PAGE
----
Nudism is the practice of nonsexual social nudity, usually in mixed-sex groups, often at specially defined locations, such as nude beaches or nudist clubs.
Nudism can be differentiated from the practice of spontaneous or private nude bathing ("skinny-dipping") in that it is an ongoing, self-conscious and systematic philosophy or lifestyle choice, rather than a spontaneous decision to disrobe.
Nudism arose in Germany at the turn of the twentieth century, and spread through Europe, the United States, and Australia.
The so-called "father of nudism" was the German Heinrich Pudor (real name Heinrich Scham), who coined the term Nacktkultur ("naked culture") and whose book Nackende Menschen (Naked man ) was probably the first book on nudism.
Richard Ungewitter (author of Die Nacktheit ) is more widely known as the founder of nudism, his reputation having survived Pudor's accusations of plagiarism.
Nudism flourished in Germany, France, England, elsewhere in Europe, and in the United States, but its advocates often had to fend off legal challenges or accusations of depravity.
While nudism had distinctive national flavors, and there was occasionally some rivalry (especially between the French and the Germans), there was also considerable communication, influence, and overlap between nudist cultures.
Nudism was known by many names: in Germany, as Nacktkultur, Freikörperkultur (free-body culture), or Lichtkultur (light culture); in France as nudisme, naturisme, or libre-culture (free culture), and in England as Gymnosophy or naturism.
Germanic nudism was a proletarian movement, mostly communitarian and ascetic in style.
By and large however, nudism was a movement endorsed and organized by educated people-physicians, scientists, lawyers, clergy, and, in France especially, occasionally by members of the aristocracy.
Nudism produced an extensive proselytizing literature.
Early nudism was a medical, philosophical, and political movement.
The contribution of nudism to the aesthetics of the race was regularly cited as one of its benefits.
Maurice Parmelee, for example, argued that nudism would contribute to a more "beautiful mankind" (p. 179).
The relation between nudism and eugenics was complex, and use of an aesthetic discourse is no simple marker of eugenic thought or of fascism.
Nudism was neither simply reactionary nor progressive.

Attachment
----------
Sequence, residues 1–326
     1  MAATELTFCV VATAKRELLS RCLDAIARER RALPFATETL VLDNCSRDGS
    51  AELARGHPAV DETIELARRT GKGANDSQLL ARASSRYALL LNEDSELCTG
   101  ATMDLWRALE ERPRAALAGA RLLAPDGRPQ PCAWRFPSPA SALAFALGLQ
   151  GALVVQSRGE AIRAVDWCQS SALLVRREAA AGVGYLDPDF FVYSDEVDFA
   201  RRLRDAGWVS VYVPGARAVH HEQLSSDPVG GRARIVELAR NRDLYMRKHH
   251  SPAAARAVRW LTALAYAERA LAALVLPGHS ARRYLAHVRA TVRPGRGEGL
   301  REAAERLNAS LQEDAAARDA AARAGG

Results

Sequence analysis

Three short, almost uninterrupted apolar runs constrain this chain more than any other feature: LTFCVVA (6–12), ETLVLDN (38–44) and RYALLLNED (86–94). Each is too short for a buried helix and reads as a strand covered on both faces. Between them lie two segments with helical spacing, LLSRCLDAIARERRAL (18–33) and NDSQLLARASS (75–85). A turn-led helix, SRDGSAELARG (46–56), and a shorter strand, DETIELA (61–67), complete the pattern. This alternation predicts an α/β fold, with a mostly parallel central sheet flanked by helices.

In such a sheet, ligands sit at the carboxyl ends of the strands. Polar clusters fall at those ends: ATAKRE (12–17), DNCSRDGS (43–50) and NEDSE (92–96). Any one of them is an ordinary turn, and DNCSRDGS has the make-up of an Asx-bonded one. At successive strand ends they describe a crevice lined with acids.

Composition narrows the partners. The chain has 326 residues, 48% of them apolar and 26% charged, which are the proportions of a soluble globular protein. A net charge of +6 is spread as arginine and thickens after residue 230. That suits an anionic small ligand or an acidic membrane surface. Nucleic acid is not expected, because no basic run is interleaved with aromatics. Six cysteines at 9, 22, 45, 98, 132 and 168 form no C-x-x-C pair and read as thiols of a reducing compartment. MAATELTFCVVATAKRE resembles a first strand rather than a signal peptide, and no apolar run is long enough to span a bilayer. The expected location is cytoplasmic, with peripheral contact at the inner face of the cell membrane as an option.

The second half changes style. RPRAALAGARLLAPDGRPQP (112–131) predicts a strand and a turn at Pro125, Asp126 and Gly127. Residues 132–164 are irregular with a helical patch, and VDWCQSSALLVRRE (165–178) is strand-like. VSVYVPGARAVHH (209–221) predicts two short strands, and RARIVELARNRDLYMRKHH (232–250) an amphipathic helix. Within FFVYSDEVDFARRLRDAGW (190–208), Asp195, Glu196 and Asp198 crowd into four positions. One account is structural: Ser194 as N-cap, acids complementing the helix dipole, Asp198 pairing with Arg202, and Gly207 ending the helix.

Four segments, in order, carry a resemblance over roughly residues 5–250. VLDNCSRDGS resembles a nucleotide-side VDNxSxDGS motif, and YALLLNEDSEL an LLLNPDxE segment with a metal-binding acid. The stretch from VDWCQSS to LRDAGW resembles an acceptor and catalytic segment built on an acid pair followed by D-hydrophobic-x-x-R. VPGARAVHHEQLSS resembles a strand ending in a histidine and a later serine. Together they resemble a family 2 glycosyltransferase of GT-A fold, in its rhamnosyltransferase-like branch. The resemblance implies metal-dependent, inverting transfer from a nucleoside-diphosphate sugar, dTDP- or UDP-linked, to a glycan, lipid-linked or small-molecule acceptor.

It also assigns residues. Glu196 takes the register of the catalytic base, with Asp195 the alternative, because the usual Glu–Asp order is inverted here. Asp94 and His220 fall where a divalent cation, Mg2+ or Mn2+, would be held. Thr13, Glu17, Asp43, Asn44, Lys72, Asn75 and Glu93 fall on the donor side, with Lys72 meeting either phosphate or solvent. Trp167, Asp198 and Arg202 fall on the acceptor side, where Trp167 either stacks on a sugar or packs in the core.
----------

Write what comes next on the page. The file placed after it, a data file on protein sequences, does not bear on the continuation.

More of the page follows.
For many writers, however, nudism was emphatically not a return to nature.
Scientists and physicians saw nudism not as a return to Eden (although this trope certainly occurred in nudist writing), but as a path forward to a shining new modernity in which science, rather than superstition, would lead the way.
Nudism was thus not (only) nostalgic but also saw itself as modern and rational.
Caleb Saleeby, for example, was a fervent advocate of nudism, heliotherapy, and eugenics (he was Chairman of the National Birthrate Commission and author of a number of books on eugenics).
Sexologist Havelock Ellis considered nudism to be an extension of the dress reform movement for women, and Maurice Parmelee saw it as a powerful adjunct to feminism.
Ennemond Boniface was a socialist nudist, who fervently believed that nudism was an alternative to bloody socialist revolution, and would bring about a new naturist era in which all would be equal under the sun (see sidebar).
For many, nudism was not just a therapeutic practice; it was a revolutionary plan for an egalitarian utopia.
There are a number of forms of contemporary organized nudism, each with a somewhat distinct culture: nude beaches, nudist resorts, nudist clubs, and swim-nights.
The utopian and political underpinning of early nudism has largely disappeared.
Nudism has remained a minor practice, and it has by and large mutated into a "lifestyle" chosen by individuals rather than either a medical practice or a program for social reform.
They believe that nudism teaches one to be comfortable with one's body, whatever it looks like.
Moral Bath of Bodily Unconsciousness': Female Nudism, Bodily Exposure and the Gaze."
On contemporary female nudists' accounts of the benefits of nudism.
Nudism in Modern Life: The New Gymnosophy.
An account of the benefits of nudism by a nudist physician, with an introduction by Havelock Ellis.
The word usage examples above have been gathered from various sources to reflect current and historial usage. They do not represent the opinions of YourDictionary.com.